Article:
It’s at this point, that it’s worth pointing out to the AVB haters that I would literally bet my children, wife, car & house on the fact the recent playing of Huddlestone and Livermore etc is not AVB’s first choice and he’s doing the best with what assets he has to hand – there’s a term that’s almost applicable “you can’t polish a turd” and that’s where we find ourselves at present until Dembélé’s return and until hopefully a creative midfielder arrives in January. People can’t keep having a pop at AVB when you look at who’s playing in these critical positions.

Hopefully Dembélé’s return will herald a more dynamic centre midfield again (remember the Manchester United game?). It’s incredibly easy to slate the manager, and yes he has made mistakes, however if you can only put out average players then we have to accept what comes our way.

This article was worked on either side of our 3-1 win at home against Maribor and it enabled me to rather fortunately watch the midfield with the freedom that allowed Lennon and especially Bale total domination whilst attacking. Tom Huddlestone was able to freely distribute the ball as you would expect and some of his passes were sublime. However, I paid particular attention to Tom Carroll who for me was a real shining light in the middle. He gave us something that I haven’t seen since Modric left and that was a centre midfielder running from left to right, forward into space to retrieve the ball then distribute it off into an attacking area. His slightness – much like Modric’s – made it even more similar in this play, picking up the ball and not only spraying passes but also short intricate one, two-touch passes to team-mates.

Huddlestone for me is a great player. Almost a luxury player but there are times like last night’s game that a quicker direct approach is needed, especially if the midfield sits off you allowing you space to drive forward into. An interesting option depending on the opposition would be to have a three man central midfield of Sandro, Dembélé and either Carroll or Huddlestone. This would allow Sandro to cover and Dembélé to drive whilst Carroll and Huddlestone take care of the creativity. However, this means losing a second forward. Something not ideal for home games but away at teams like Man City or Arsenal packing the midfield could work.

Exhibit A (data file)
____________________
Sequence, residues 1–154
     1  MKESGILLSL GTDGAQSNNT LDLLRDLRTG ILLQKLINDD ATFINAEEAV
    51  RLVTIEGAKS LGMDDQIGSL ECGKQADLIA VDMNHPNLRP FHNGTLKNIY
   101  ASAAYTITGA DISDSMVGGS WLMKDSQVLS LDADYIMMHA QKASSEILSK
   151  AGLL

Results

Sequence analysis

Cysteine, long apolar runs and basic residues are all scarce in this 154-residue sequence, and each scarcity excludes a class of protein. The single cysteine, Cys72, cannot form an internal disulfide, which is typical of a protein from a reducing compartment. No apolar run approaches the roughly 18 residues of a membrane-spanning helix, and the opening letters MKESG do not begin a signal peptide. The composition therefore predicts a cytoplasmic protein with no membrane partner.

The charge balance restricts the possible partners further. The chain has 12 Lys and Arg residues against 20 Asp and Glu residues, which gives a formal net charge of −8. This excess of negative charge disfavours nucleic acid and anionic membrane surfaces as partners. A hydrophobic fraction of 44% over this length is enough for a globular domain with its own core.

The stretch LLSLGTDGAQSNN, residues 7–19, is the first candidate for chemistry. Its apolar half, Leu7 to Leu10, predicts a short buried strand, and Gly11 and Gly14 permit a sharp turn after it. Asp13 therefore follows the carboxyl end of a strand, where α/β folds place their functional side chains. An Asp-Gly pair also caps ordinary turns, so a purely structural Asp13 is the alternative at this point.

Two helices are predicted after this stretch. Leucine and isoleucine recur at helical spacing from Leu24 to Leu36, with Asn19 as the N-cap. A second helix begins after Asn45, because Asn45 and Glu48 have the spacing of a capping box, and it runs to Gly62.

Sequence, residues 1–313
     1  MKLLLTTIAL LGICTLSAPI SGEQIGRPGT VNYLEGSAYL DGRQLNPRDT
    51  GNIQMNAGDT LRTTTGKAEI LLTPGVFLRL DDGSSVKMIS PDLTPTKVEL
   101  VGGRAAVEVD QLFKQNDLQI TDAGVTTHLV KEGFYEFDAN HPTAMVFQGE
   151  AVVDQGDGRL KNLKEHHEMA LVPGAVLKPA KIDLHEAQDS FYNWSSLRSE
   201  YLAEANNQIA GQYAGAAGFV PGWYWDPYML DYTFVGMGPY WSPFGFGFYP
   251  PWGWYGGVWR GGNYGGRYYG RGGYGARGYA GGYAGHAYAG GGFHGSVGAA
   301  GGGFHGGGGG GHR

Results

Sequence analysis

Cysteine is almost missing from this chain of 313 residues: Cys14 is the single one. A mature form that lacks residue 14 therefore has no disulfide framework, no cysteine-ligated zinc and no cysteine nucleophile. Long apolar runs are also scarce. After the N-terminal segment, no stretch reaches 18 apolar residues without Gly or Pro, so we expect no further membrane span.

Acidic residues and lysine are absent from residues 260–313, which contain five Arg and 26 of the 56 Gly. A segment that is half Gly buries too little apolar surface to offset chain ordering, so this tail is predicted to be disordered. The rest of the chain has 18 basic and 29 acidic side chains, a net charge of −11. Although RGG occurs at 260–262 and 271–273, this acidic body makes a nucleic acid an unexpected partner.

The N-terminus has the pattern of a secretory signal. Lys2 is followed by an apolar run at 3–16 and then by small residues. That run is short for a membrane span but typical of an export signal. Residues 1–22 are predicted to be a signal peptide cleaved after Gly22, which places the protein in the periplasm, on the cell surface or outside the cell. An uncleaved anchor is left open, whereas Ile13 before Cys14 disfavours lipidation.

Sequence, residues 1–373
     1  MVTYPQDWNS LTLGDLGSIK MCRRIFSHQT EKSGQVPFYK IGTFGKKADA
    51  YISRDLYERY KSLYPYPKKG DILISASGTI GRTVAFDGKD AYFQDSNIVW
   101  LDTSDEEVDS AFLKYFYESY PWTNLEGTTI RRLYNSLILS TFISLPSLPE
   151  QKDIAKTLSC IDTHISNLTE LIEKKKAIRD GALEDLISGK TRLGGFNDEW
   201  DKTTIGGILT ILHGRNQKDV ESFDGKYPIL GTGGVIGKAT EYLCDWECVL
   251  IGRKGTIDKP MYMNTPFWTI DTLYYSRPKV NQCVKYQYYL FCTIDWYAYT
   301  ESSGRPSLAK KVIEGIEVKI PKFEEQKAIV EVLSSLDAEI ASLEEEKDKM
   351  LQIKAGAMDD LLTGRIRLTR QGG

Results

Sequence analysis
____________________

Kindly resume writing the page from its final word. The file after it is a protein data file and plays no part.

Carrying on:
Defoe’s hat-trick goals was the culmination of a slick move out from the back with Adebayor controlling and passing to Huddlestone who first time hit a direct pass into the path of Bale who crossed for Defoe to tap in. This is exactly the type of play I refer to earlier with the quick dynamic play, ball into the channels to utilise the pace of Bale or Lennon. If AVB can somehow strike the right balance, then these type of attacking possession is sure to bring more success than already seen this season.

So in summary, I would say January’s transfer window could be one of the most important in a long while as AVB really needs to secure the services of a creative midfield maestro.
I’ve seen many a name mentioned from Moutinho to Christian Eriksen of Ajax. All players who would offer that rare creative general we so desperately need. Let’s get behind Villas-Boas and the team, and not let the boo boys get the team down and we become famous for this recent unattractive tag we’ve been given.

Here’s hoping to January sucess. In AVB I trust.

Come on you Spurs.

 

 

Dembéle stats courtesy of EPL Index.

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A Lifelong Spurs fan, believer of good football and with a broad opinion of the beautiful game.

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7 comments on “AVB and the missing spark
  1. Kevin says:

    great piece! i really enjoyed reading it!

    i really like the idea of a midfield of sandro, dembele and either carroll or huddlestone.

    COYS!

    • Sam Marks says:

      Thanks for the feedback. I think given our resources at present why not give it a go? Not sure its ideal for the City game? But the Arsenal one could work.

  2. PnR61 says:

    Nice read, however, are our mediocre players worse than Norwich or Wigans mediocre players ? And is Chris Hughton a better turd polisher than AVB ? He should have been able to beat both these teams with the squad he already has available. I suppose i’m going to be labeled a hater now, even though i believe he should be given time and even contemplating sacking him would be ridiculous.

  3. Sam Marks says:

    Hi, I think sometimes it comes down to good days and bad. We all know what our players are capable of and when they dont even get near the 30% mark you have to wonder what’s going on. But I think you have to look at all parties for that.

    I very much agree on AVB being given time and funds.

    Cheers

  4. You are assuming Levy is going to put his hand in his pocket in January. I am not convinced. I hope I’m wrong.

  5. Vinny says:

    Great blog Sam, I pretty much agree with most of that. Nice job.

  6. James says:

    Great read and I found myself agreeing with everything you said.. Although I believe we have our next midfield maestro in Tom Carroll ! I genuinely believe he could be modric’ replacement with ease

    Coys